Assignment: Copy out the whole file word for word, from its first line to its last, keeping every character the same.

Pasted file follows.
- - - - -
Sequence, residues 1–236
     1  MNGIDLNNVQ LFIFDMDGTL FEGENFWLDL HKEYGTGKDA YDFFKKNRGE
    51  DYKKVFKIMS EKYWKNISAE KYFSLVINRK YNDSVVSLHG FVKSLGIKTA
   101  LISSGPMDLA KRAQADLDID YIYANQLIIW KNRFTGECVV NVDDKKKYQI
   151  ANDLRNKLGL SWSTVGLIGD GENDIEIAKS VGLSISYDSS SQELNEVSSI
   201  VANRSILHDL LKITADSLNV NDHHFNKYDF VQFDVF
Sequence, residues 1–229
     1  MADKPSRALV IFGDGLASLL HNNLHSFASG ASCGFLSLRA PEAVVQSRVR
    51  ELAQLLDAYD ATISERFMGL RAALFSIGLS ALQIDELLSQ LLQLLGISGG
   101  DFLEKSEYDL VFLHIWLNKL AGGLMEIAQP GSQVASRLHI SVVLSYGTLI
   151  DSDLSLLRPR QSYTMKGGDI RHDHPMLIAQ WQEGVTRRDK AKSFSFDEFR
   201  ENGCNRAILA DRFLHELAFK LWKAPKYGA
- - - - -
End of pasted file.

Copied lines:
Sequence, residues 1–236
     1  MNGIDLNNVQ LFIFDMDGTL FEGENFWLDL HKEYGTGKDA YDFFKKNRGE
    51  DYKKVFKIMS EKYWKNISAE KYFSLVINRK YNDSVVSLHG FVKSLGIKTA
   101  LISSGPMDLA KRAQADLDID YIYANQLIIW KNRFTGECVV NVDDKKKYQI
   151  ANDLRNKLGL SWSTVGLIGD GENDIEIAKS VGLSISYDSS SQELNEVSSI
   201  VANRSILHDL LKITADSLNV NDHHFNKYDF VQFDVF
Sequence, residues 1–229
     1  MADKPSRALV IFGDGLASLL HNNLHSFASG ASCGFLSLRA PEAVVQSRVR
    51  ELAQLLDAYD ATISERFMGL RAALFSIGLS ALQIDELLSQ LLQLLGISGG
   101  DFLEKSEYDL VFLHIWLNKL AGGLMEIAQP GSQVASRLHI SVVLSYGTLI
   151  DSDLSLLRPR QSYTMKGGDI RHDHPMLIAQ WQEGVTRRDK AKSFSFDEFR
   201  ENGCNRAILA DRFLHELAFK LWKAPKYGA